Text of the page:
The prairies are totally underrated. The skies are huge. The summers are warm. The people are just about as friendly as you're likely to find anywhere in the world.
And, as such, the flatlands tend to produce people like James Struthers. In the world of this Prairie boy, the skies are always bright. The sun is warming your skin and your heart. And on the phone, he's as affable and charming a person as you're likely to find.
The Winnipeg native majors in the laid-back acoustic jams reminiscent of an early Jack Johnson or John Mayer at his most blue-eyed.
It's summertime driving music and he admits he's trying to evoke a picture of paradise through his music — coastal living, sand in the toes, that sort of thing.
"I'm a really laid back guy and so the groovy acoustic stuff, I'm it. It's not that common in the Prairies I guess," he says from a Starbuck's in Kelowna.
At 22, he's already toured the country seven times — two of those tours were coast-to-coast. He's now embarking on a third, playing some shows with Vancouver-based singer-songwriter Laurell. But for the most part, he's on his own across the country — just him and the wide open road — and it's an experience he says has definitely influenced his songwriting.
"We're all a product of our experience, so everything that happens in my life is definitely influential in how I express myself as an artist, for sure," he says.
He says it wasn't a simple decision to make a career out of music. He attended a strict all-boys Catholic school in Winnipeg — "an intense educational environment," he says — and for years fought the institutional pressure to become a lawyer, engineer or doctor. Most of his former schoolmates are now on their way to lucrative professions, but Struthers says it took years to finally admit to those around him — and to himself — that he would devote himself completely to his art.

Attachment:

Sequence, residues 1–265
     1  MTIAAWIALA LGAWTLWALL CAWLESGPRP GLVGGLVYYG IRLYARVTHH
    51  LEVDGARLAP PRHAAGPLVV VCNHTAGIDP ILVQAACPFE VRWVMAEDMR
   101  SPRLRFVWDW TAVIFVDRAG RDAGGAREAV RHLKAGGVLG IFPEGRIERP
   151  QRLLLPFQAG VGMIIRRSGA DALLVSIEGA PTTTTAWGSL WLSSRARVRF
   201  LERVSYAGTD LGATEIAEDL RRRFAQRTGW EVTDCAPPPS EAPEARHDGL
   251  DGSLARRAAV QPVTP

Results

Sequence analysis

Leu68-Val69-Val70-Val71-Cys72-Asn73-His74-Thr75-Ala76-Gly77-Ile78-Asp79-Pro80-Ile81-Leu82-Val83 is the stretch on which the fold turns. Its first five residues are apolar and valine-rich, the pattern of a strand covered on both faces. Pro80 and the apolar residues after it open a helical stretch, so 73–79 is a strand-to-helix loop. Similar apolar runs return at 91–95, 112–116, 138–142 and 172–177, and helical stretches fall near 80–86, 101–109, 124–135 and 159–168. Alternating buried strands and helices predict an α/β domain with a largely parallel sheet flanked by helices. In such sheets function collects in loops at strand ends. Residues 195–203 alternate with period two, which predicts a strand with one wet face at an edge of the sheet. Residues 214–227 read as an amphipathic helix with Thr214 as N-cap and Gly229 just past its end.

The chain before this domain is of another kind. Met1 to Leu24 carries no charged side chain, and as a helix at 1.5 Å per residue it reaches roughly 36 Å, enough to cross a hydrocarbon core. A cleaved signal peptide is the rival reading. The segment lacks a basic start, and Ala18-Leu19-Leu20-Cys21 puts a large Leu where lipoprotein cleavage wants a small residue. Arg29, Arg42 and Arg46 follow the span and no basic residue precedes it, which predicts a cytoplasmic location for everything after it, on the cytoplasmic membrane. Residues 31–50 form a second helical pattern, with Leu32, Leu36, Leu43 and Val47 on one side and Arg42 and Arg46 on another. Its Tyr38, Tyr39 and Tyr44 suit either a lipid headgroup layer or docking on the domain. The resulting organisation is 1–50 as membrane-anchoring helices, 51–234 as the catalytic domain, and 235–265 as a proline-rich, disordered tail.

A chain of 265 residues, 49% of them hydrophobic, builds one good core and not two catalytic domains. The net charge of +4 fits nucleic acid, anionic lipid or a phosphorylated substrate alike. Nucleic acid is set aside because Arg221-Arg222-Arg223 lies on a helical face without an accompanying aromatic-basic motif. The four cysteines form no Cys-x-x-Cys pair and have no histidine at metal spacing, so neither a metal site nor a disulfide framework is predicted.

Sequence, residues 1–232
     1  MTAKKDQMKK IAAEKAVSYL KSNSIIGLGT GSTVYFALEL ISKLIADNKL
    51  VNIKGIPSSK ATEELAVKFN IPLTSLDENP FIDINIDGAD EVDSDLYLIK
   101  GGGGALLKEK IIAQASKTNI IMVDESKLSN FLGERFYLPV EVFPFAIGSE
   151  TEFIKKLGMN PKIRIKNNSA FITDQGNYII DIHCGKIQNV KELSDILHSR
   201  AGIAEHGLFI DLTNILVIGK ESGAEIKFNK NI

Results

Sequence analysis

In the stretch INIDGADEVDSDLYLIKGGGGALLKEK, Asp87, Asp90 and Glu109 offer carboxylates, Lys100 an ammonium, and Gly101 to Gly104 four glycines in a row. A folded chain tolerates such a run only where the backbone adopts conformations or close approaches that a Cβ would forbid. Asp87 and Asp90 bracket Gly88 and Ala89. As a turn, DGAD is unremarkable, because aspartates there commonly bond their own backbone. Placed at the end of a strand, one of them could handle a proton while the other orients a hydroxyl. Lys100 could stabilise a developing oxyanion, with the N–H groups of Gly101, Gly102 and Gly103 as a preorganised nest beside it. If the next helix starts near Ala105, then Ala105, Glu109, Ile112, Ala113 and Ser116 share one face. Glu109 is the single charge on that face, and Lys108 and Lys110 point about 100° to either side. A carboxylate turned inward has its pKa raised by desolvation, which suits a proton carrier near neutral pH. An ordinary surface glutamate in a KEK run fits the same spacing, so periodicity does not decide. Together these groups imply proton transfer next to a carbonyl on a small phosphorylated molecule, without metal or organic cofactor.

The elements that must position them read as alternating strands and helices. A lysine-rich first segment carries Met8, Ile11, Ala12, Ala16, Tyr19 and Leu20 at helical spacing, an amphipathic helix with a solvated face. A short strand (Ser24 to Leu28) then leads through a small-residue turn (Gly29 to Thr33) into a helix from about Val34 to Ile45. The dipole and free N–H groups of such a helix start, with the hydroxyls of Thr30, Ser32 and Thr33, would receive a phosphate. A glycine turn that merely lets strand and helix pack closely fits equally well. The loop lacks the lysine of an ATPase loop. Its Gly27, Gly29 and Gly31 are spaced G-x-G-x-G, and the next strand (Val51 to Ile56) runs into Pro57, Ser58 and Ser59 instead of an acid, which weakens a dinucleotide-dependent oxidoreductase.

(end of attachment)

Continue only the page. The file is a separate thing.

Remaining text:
Or, as he says, to devoting himself to "slugging it out on the road." The truth of it is, the arts rarely pay well and the life of travelling musician can be a difficult one. And yet, Struthers, the laid-back Prairie boy, is causally optimistic about the whole experience.
"I really like this idea that I'm working towards success. I really don't want to be handed anything. I really enjoy the slugging it out."
His sunny disposition pervades the music. Even his take of "Blue Christmas" feels more like a siesta in a field of daffodils than it does a heart-wrenching holiday away from home.
He explores the usual challenges of the heart — of strained commitments, of troubled love, — but with a warmth and humility that's hard to come by. A mope he is not.
The trick, he says, is to pay as much attention to the world outside as to the world inside.
"I try and be as open as possible to the inputs that are around me," he says. "Often as songwriters we stare at the empty page and search ourselves for inspiration. I mean, you have to do that sometimes, drawing from past experiences, but often those experiences come from what's around you at the time."
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